Lake Vermilion guides get 100 kids out for a day of fishing
ON LAKE VERMILION — Libbie Shaffer asked the question many anglers think but few are willing to blurt out.
"Why is it taking so long?'' Libbie, 11, asked of her guide, Lonnie Johnson.
Libbie, of Aurora, had been fishing with a nightcrawler under a slip bobber for a full five minutes and the bobber had yet to dip below the surface.
Sometimes, Libbie, the fish just aren't hungry, Johnson explained.
And so started the ninth annual Take a Kid Fishing Day on Wednesday, sponsored by the Lake Vermilion Guides League. Shaffer and her friend, Jon Ross,13, also of Aurora, were in Johnson's boat, among 100 kids who got to fish with 45 local guides and anglers.
For many of the kids it will be the only time they get on the water all summer. They each received hats, t-shirts and even a rod-and-reel combo along with a goodie bag and a fish dinner to cap off the day. All of it is free, organized by the Guides League. Fortune Bay Casino hosts the event at its marina with other sponsors, including University of Minnesota Sea Grant, the Vermilion Lake Association, Lions Club and the Lake Vermilion Resort Association.
It was a picture perfect day for fishing, with temperatures near 80 degrees, a few puffy white clouds overhead and a steady breeze to keep the bugs away. And, for many of the kids, the fish were biting. Quickly printed digital photos at the boat landing showed multiple kids holding walleyes over 20 inches long.
In Johnson's boat Shaffer and Ross landed a couple bass, walleye and bluegills. But there was also a stop for ice cream at a lakeside resort and plenty of motoring across the big lake to cool off.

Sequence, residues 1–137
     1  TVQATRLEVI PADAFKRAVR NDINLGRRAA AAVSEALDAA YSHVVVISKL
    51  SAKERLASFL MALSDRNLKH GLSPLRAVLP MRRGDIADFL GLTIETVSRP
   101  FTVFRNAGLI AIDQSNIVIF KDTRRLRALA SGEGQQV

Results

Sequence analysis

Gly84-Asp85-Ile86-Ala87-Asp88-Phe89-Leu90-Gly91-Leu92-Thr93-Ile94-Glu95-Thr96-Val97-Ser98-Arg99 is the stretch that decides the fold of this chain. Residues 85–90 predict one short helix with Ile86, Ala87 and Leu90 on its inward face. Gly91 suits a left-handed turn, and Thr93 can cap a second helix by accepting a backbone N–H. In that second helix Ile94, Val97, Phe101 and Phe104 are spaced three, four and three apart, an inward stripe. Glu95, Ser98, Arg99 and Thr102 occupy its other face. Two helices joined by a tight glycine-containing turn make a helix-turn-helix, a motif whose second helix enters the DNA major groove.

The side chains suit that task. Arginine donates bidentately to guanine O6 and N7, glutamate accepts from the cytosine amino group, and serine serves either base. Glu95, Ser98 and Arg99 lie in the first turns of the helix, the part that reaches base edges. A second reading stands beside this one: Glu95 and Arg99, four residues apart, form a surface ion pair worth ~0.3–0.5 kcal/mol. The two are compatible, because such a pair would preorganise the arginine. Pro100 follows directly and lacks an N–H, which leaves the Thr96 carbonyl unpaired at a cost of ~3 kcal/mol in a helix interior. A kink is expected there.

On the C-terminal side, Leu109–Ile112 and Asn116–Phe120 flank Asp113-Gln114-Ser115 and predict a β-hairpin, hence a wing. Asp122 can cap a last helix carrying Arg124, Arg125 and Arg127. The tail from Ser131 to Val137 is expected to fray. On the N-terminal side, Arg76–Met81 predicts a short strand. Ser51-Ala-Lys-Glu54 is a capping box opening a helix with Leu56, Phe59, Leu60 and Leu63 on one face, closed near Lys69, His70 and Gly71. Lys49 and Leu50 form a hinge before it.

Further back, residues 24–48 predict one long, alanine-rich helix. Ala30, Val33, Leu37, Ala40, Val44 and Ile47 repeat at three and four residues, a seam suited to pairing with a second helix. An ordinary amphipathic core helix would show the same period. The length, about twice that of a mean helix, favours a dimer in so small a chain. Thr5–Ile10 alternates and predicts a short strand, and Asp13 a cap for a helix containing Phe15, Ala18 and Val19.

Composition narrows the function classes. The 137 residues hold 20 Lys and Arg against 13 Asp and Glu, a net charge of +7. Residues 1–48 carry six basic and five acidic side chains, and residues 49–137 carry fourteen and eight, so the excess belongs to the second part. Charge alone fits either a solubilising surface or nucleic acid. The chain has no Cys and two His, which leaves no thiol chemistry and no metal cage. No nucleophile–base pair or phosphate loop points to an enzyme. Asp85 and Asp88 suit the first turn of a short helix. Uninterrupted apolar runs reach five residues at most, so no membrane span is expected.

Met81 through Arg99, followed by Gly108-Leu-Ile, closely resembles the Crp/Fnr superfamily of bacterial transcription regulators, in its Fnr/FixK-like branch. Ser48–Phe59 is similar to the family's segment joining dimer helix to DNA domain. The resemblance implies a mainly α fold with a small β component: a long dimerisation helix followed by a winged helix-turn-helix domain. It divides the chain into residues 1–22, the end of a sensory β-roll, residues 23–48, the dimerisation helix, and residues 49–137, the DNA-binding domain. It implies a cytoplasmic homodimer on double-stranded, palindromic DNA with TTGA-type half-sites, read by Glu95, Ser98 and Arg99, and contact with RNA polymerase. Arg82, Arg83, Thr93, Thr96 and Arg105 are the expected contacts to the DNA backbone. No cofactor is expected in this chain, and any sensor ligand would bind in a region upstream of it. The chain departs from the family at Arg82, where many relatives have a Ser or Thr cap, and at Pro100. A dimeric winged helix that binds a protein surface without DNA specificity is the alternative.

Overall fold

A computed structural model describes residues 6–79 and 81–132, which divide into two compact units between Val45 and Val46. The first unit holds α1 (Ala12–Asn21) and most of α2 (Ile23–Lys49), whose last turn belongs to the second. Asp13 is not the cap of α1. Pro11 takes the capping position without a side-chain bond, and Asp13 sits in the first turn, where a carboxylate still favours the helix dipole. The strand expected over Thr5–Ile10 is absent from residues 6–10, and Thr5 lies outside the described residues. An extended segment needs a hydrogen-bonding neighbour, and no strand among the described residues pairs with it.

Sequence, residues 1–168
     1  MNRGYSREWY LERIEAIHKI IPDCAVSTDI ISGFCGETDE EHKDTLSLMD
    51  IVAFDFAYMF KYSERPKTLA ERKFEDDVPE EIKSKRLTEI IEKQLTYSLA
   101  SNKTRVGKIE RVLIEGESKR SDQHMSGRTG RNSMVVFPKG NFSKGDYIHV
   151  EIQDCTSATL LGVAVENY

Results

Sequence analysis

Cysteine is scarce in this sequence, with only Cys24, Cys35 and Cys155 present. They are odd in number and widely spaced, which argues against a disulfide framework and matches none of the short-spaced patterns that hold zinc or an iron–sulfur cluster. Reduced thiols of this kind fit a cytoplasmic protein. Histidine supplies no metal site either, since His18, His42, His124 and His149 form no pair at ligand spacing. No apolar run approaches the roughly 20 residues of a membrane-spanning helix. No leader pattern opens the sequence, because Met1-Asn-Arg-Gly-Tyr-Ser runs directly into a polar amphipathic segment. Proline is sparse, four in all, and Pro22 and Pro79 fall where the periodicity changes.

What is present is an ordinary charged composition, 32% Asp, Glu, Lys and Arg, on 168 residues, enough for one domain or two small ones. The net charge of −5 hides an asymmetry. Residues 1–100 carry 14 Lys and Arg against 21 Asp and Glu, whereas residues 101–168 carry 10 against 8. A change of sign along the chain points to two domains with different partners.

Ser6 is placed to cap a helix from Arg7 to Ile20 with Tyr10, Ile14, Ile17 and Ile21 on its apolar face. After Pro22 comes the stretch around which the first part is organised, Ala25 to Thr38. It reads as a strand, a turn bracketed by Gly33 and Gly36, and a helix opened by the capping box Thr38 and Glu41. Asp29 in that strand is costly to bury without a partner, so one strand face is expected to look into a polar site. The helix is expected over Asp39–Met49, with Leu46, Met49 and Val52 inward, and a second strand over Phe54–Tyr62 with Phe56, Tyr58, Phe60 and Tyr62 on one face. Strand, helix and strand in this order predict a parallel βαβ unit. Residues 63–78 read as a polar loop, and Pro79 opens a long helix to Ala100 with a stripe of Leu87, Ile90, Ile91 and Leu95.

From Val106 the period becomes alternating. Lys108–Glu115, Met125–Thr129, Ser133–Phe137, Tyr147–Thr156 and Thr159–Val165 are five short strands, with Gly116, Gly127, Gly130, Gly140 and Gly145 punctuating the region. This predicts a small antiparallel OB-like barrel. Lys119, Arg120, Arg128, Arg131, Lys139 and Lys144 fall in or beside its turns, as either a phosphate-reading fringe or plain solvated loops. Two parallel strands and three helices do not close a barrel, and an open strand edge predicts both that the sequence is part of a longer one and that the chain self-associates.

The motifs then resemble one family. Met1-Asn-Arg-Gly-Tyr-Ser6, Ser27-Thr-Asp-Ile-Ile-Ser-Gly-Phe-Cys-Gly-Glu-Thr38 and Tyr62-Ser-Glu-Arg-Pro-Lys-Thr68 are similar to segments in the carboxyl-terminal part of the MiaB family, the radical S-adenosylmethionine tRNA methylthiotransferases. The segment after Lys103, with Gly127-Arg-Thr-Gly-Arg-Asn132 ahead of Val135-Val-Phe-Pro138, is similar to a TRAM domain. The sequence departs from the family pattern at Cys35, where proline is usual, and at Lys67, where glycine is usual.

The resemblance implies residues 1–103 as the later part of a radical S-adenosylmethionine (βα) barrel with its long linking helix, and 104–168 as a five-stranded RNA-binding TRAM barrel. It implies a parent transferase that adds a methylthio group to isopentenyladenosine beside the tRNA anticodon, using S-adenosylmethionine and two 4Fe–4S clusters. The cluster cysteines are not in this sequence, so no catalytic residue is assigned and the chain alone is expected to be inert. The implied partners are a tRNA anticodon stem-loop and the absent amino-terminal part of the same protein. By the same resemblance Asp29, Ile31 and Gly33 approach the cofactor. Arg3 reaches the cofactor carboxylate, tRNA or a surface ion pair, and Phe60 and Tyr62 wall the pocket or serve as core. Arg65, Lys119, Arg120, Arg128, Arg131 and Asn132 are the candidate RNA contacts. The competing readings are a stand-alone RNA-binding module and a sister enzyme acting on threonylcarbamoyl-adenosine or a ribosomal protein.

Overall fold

And questions. Lots of questions.
"Is that a real worm?'' Libbie asked when Johnson reached into a box for a nightcrawler. "I don't do real worms."
But it was only a few minutes later when Libbie was reaching into the nightcrawler box by herself and impaling the worm onto her hook.
"Ewww, cool," she said.
Every five minutes or so the focus would shift from fishing to something else.
"Can we go fast?" Libbie asked.
"If you sit down,'' Johnson replied.
"Look at the baby ducks!'' Libby exclaimed.
"They're loons," Ross corrected.
"Cuuute baby loons!'' Libbie said with glee. "Can we touch them?"
"When I get older I'm not taking her fishing,'' Ross said of Libbie, his next door neighbor.
And so it went with kids soaking up the sun, usually smiling, interacting with nature and eating ice cream in the bow of a boat. Summer in the Northland, personified.
"I'm done," Ross exclaimed as the afternoon moved toward evening and he had lost yet another nightcrawler to an unseen fish.
"Let's go eat,'' Johnson declared.
"Good idea,'' Libbie said. "But can I keep fishing?"
For more information on the Take a Kid Fishing Day or fishing on Lake Vermilion go to lakevermilionguidesleague.com.